29 May 2023
Over 2 decades of Synthesizers.com I put together this giant 110-space studio system from various parts I had laying around, including hand-built prototypes and factory seconds.
Since the beginning of Synthesizers.com in the late 90s I've had a system that I used for testing modules during the R&D process. This system gradually got built up from prototypes, factory seconds and various other parts I had laying around. The system has always been kept in my home office near my desk where all products are designed. Here is the first picture of the system back in 2001 or so in my Colleyville home office -
Initially the first studio cabinets were made by Mike Jones, a wood-worker who had a shop in the chicken coops on Glade Rd in Colleyville Texas, not too far from where I lived. That location is now a Target shopping center. Those initial cabinets were made out of mahogany and had a slight redish tint - a 44-space tilted cabinet and a 22-space top cabinet, and possibly a garage and keyboard enclosure. Those were sold to Paul Schreiber before I moved to Tyler in 2004. I think he resold them to one of his customers. Paul lived in my hometown of North Richland Hills back then.
After that I used our standard solid walnut cabinets and ultimately put together a full 110-space system consisting of:
2) 44-space tilted cabinets
1) 22-space top cabinet
1) keyboard garage
1) crown piece
2) keyboard controllers
These cabinets were all bolted together with stock aluminum brackets. Some of them were factory seconds or for some reason I didn't think they were worthy of selling.
There is a single giant International Power (like Power One) open-frame linear power supply in the bottom cabinet that powers the other cabinets using QIC cables on the back. This is called a QPS3 in production. Rock solid and heavy.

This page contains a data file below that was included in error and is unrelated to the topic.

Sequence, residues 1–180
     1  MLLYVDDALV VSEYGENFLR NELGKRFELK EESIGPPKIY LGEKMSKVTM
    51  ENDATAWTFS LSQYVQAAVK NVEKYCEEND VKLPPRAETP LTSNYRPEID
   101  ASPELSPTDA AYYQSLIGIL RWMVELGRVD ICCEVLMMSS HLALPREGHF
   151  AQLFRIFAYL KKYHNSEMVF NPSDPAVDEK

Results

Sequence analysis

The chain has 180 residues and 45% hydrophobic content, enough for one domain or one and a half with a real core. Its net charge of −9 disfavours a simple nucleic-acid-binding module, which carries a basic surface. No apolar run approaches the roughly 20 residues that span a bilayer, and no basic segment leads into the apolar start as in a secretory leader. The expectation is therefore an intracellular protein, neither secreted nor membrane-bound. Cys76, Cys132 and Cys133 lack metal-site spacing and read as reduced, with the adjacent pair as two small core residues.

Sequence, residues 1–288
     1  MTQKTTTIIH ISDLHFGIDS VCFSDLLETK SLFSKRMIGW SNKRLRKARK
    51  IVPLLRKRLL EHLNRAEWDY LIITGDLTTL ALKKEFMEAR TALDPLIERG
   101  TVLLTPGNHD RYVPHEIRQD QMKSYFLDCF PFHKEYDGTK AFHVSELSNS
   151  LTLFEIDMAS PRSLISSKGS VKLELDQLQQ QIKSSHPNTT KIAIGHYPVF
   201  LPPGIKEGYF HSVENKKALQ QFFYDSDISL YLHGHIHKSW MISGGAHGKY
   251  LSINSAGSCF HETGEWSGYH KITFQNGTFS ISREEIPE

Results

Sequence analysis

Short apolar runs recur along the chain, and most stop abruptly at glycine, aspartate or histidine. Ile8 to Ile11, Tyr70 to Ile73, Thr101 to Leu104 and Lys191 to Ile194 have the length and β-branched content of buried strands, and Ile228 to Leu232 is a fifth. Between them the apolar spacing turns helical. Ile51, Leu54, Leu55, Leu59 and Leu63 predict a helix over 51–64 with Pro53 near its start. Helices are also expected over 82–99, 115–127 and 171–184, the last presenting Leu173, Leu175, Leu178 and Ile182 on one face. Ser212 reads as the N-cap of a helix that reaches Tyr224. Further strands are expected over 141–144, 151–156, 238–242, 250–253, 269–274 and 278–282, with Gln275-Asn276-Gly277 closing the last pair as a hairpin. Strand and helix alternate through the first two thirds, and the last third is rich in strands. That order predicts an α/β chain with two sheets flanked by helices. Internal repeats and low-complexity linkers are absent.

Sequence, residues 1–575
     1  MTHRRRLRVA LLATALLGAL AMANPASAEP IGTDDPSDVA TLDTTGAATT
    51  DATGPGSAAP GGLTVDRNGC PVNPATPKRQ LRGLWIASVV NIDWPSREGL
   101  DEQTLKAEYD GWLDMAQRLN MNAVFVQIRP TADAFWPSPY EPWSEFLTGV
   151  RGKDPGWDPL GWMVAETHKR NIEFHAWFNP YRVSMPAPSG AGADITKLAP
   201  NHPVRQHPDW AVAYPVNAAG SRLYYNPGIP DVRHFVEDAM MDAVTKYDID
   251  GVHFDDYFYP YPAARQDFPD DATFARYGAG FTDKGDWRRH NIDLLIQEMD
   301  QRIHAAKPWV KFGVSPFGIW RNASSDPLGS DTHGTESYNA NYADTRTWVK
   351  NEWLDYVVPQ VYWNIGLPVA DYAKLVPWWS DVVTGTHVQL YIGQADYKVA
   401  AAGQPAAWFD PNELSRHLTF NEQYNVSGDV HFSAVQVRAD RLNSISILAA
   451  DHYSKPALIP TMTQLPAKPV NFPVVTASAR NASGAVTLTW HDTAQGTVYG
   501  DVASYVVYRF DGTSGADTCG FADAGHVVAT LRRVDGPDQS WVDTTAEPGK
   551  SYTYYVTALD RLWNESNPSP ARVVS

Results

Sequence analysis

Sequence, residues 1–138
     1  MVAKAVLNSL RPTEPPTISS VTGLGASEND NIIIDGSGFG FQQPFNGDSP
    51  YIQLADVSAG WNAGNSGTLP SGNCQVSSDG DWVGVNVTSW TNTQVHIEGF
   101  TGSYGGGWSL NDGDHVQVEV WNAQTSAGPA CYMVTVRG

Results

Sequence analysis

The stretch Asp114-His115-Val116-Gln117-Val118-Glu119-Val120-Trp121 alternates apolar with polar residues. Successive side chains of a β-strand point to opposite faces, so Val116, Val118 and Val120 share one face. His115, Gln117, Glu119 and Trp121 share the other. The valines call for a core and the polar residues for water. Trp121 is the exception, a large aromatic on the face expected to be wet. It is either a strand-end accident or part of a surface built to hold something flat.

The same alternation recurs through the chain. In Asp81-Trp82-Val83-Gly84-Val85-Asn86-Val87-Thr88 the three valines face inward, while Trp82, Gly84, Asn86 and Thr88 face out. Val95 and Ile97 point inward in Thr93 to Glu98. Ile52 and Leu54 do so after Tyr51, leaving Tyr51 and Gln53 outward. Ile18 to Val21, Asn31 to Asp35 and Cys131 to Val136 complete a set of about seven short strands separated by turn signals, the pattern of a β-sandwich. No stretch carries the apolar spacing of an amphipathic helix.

The modules are not a standard configuration that we offered but pretty close with multiple oscillators, a batch of envelope generators, filters, VCA's, sequencers and utility modules.
The newest module is probably the Q173 MIDI interface which dates to around 2013. It has a paper face and I signed it on the back. Many of the newer modules from the ++ era of dense designs are not present in this system.
The oldest module I found has a sticker on it from 2001 but I'm pretty sure there are older modules in there. I only pulled out a few to check. Some of the modules have prototype circuit boards without a green silkscreen so they are sort of yellowish in color.
There is a Q104 MIDI interface module in this system which is one of the few modules that got retired from production when it was replaced by the Q173.
This system has a Q146 Normalization module which routes Pitch CV to most of the Q106 oscillators first input jack. And the gate goes to the envelope generators. These normalizations can be bypassed by simply inserting a plug into the jack.
Some of these modules are so old they have the original open-frame jacks. There are several different versions of those open frame jacks and you can kinda tell by looking at the nuts on the front side. Others have Switchcraft jacks with black plastic enclosures, and some might even be various suppliers we tested but never used in production.
Pots too, most of them are stock 25mm but some are 16mm or something else.
These are the first types of keyboard controllers we made and we sold them for many years. They have Yamaha mechanisms we bought straight from the Yamaha parts department. They had pallets of them and we bought them all eventually over years many years. The velocity control voltage never worked right on these for some reason. It's the only software in the entire product line I didn't write myself so I don't know.
You can see on the left of the keyboards a wheel controller with large acrylic wheels. This is non-functioning unit, just a 1-off mock-up which didn't get turned into a product, instead we went with a BOX1,4,11 cabinet and the Q180-series wheel controllers were on module panels.
I etched this ELP Brain Salad Surgery panel on my laser cutter.
The Q964 module is an Aid module for the Q960 sequencer. It takes gate outputs from each stage and lets you route them to one of two outputs, or neither, controlled by a 3-position switch for each stage. I decided not to put this module intro production. This one, like many in this system, I built myself.